Article From:https://www.cnblogs.com/oneway1990/p/9125604.html

After leaving home for more than half a year, I haven’t written a single line of code for half a year, but I’ve read some books, but almost all of them are jujube. The house is about to be renovated, so we must find a job quickly, otherwise we will have to keep a car and play photography. Ha-ha。

It is customary to dig out some classic books and review them first. In the process of reviewing, we also record some things, saying that it is a Book note, and that it is a good idea. In a word, the purpose of writing is to urge yourself and to review it seriously; the primary purpose is to facilitate some friends and search for learning in the network. hisActually, such basic knowledge is everywhere on the Internet, but I still hope that I can summarize some characteristics.

 

No more gossip. Many C++ books have introduced how much memory space a Class object needs to occupy. The most authoritative conclusion is:

*The combination of non static member variables.

*The compiler also compacts data for CPU computation.

*Plus the extra burden to support virtual functions.

 

After introducing the theoretical knowledge, let’s look at another example to see. (Note: all the results are in the VC6.0 development environment).

1. The Size of the empty class

class Car

{

};

 

void main()

{

       int size = 0;

       Car objCar;

       size = sizeof(objCar);

       printf(“%s %d /r”, “Class Car Size:”, size);

}

 

Output results: Class Car Size:1

 

What is this? I think the problem is not only a newly developed novice, but even the developers who have experienced C++ development experience for more than a few years may not be able to make it clear.

The compiler needs to make a Object of Class Car after executing Car objCar. And the address of the Object is unique, so the compiler creates an implicit byte space for the empty class.

 

 

Two. Only Size of the member variables

class Car

{

private:

       int nLength;

       int nWidth;

};

 

void main()

{

       int size = 0;

       Car objCar;

       size = sizeof(objCar);

       printf(“%s %d /r”, “Class Car Size:”, size);

}

 

Output results: Class Car Size:8

The result is clear to many developers. In the 32 bit system, the integer variable accounts for 4 bytes. Here Class Car contains two integer type member variables, so Class Size is 8.

 

class Car

{

private:

       int nLength;

       int nWidth;

       static int sHigh;

};

 

void main()

{

       int size = 0;

       Car objCar;

       size = sizeof(objCar);

       printf(“%s %d /r”, “Class Car Size:”, size);

}

Output results: Class Car Size:8

We added a static member variable in Class Car this time, but Class Size is still 8 bytes. This is exactly the first in the conclusion: the sum of non static member variables.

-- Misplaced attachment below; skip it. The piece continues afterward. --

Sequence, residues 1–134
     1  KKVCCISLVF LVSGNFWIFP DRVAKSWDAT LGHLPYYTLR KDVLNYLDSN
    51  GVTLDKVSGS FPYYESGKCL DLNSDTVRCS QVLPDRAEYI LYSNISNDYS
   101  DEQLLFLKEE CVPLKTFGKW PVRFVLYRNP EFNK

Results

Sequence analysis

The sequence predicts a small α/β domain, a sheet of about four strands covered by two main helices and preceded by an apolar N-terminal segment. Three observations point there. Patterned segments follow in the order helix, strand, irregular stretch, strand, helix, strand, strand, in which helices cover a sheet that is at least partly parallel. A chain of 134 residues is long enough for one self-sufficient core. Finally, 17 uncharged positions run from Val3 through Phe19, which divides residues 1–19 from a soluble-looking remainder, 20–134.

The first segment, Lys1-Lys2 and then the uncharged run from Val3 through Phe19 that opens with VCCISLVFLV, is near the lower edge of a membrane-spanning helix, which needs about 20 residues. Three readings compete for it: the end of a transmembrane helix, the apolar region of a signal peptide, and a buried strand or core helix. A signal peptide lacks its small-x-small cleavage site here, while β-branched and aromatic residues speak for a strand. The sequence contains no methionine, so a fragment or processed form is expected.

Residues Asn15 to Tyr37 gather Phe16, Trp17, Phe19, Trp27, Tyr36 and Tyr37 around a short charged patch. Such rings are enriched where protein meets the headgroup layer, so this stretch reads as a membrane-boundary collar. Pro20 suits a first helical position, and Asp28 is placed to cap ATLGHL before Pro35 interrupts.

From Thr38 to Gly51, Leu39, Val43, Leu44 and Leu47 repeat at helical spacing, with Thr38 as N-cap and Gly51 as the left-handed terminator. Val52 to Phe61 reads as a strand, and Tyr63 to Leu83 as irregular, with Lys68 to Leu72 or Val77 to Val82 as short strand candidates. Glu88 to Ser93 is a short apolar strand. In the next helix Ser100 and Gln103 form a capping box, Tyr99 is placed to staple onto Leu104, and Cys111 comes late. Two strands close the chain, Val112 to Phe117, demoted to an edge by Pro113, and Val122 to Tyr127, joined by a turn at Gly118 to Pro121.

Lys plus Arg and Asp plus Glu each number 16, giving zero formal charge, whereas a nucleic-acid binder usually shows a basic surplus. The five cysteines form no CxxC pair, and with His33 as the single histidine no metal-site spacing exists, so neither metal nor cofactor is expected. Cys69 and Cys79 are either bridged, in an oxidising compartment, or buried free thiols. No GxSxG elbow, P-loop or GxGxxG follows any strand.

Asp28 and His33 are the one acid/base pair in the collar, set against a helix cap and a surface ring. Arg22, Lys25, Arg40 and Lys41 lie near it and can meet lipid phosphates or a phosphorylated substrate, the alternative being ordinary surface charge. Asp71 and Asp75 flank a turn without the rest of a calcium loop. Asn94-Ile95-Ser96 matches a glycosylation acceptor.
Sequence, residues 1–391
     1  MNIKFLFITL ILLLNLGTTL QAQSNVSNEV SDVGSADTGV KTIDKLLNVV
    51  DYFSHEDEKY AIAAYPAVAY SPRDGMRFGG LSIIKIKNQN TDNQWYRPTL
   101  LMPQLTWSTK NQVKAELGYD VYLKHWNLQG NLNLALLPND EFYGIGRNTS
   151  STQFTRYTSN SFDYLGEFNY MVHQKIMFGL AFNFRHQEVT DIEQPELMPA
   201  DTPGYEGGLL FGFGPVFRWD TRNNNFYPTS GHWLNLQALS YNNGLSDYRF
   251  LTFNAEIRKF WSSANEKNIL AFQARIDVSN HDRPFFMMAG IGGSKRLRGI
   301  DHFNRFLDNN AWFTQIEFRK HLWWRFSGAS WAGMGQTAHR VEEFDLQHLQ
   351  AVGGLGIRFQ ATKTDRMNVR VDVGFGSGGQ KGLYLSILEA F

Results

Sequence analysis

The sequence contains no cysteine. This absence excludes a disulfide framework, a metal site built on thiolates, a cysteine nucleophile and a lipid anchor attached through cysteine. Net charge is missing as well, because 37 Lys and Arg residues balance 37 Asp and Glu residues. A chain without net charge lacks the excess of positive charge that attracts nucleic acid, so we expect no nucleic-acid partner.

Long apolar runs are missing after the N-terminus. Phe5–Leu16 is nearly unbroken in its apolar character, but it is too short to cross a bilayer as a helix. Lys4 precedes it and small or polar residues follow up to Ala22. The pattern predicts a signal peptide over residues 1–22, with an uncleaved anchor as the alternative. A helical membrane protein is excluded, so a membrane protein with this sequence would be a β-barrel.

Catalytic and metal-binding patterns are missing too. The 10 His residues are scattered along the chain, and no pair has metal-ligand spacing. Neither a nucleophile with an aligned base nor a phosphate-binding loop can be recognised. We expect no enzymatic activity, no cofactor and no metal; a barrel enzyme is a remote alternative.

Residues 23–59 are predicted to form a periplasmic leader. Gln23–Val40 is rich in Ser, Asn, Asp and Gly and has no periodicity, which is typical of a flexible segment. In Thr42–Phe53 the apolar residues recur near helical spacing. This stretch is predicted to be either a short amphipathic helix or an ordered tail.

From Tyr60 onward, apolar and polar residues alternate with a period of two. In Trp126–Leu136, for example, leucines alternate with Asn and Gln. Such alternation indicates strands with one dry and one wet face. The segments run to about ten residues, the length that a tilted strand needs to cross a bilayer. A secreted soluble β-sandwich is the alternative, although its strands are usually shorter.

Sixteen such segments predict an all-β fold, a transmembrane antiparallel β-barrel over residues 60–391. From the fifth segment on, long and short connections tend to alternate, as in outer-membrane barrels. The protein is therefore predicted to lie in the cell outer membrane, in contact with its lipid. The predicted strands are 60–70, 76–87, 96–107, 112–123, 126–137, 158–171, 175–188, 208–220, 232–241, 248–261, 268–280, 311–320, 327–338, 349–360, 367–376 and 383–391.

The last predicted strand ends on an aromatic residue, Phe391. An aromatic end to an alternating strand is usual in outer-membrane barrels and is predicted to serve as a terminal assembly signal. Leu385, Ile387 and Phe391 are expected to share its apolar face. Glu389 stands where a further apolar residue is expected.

class Car

{

private:

       char chLogo

       int nLength;

       int nWidth;

       static int sHigh;

};

 

void main()

{

       int size = 0;

       Car objCar;

       size = sizeof(objCar);

       printf(“%s %d /r”, “Class Car Size:”, size);

}

Output results: Class Car Size:12

A character variable is inserted in the class, and the result is that Class Size becomes 12. This is an additional 3 character variables added by the compiler to do data alignment, in order to improve the computing speed of CPU. What the compiler adds is something we can’t see. It also conforms to the conclusionSecond: add the data alignment processing of the compiler for CPU calculation.

Now that we define class members, the data compiler adds extra space. So why don’t we consider the problem of data alignment when we define a class, we can define more than 3 character type variables as reserved variables, which can satisfy the requirements of data alignment and add some extensible to their own programs.Space.

 

Three. Only the Size of the member function

class Car

{

public:

       Car(){};

       ~Car(){};

public:

       void Fun(){};

};

 

void main()

{

       int size = 0;

       Car objCar;

       size = sizeof(objCar);

       printf(“%s %d /r”, “Class Car Size:”, size);

}

Output results: Class Car Size:1

Oh, what’s the matter? Do an experiment and look at it.

class Car

{

public:

       Car(){};

       ~Car(){};

public:

       void Fun(){};

private:

       int nLength;

       int nWidth;

};

 

void main()

{

       int size = 0;

       Car objCar;

       size = sizeof(objCar);

       printf(“%s %d /r”, “Class Car Size:”, size);

}

Output results: Class Car Size:8

It should be clear this time. A function does not occupy a class space. The Size in the first example is 1 bytes. It is the compiler that creates a hidden byte space for the class.

 

class Car

{

public:

       Car(){};

       virtual ~Car(){};

public:

       void Fun(){};

};

 

void main()

{

       int size = 0;

       Car objCar;

       size = sizeof(objCar);

       printf(“%s %d /r”, “Class Car Size:”, size);

}

Output results: Class Car Size:4

This time, let the destructor function as a virtual function and see that the Class Size is 4. This is the Size pointing to the pointer VPTR of Virtual Table. This coincides with the third in the conclusion: plus the additional burden generated to support the virtual function.

 

So far, how much memory space a Class Object occupies has been fully stated. However, this is only applicable to a single class, or a base class. For subclasses, they are different. Interested friends can do some experiments.

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